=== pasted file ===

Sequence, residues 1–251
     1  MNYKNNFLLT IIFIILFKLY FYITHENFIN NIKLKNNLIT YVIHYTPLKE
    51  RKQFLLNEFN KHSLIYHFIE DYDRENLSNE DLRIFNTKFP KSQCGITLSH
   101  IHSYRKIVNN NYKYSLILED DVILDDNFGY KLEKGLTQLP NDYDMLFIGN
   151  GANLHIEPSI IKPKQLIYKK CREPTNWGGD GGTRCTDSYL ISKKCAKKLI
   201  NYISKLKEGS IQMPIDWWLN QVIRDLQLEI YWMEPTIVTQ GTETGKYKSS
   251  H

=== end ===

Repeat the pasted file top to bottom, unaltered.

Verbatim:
Sequence, residues 1–251
     1  MNYKNNFLLT IIFIILFKLY FYITHENFIN NIKLKNNLIT YVIHYTPLKE
    51  RKQFLLNEFN KHSLIYHFIE DYDRENLSNE DLRIFNTKFP KSQCGITLSH
   101  IHSYRKIVNN NYKYSLILED DVILDDNFGY KLEKGLTQLP NDYDMLFIGN
   151  GANLHIEPSI IKPKQLIYKK CREPTNWGGD GGTRCTDSYL ISKKCAKKLI
   201  NYISKLKEGS IQMPIDWWLN QVIRDLQLEI YWMEPTIVTQ GTETGKYKSS
   251  H